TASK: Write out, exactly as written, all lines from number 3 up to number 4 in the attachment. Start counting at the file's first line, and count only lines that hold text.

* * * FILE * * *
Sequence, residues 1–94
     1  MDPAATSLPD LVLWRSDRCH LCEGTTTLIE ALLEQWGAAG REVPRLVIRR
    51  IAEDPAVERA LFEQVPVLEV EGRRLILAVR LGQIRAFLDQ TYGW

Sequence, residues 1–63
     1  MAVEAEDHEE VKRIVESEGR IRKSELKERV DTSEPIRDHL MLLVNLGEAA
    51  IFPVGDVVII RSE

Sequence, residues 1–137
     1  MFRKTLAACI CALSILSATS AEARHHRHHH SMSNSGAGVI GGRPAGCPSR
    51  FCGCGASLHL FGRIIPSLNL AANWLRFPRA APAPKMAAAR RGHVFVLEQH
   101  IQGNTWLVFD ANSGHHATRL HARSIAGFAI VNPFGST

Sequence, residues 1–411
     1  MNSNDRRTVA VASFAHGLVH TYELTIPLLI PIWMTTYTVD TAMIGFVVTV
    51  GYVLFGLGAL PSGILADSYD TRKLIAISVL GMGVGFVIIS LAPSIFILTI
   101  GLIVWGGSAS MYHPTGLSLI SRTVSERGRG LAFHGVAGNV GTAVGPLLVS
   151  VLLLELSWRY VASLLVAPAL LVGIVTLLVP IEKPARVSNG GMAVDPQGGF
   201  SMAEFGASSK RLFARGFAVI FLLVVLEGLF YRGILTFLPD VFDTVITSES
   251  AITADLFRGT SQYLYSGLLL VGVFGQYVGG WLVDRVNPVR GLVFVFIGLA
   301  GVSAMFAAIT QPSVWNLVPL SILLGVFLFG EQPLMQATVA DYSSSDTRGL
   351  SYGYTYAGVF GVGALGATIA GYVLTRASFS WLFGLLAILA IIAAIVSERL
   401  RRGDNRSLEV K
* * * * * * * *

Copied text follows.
    51  IAEDPAVERA LFEQVPVLEV EGRRLILAVR LGQIRAFLDQ TYGW

Sequence, residues 1–63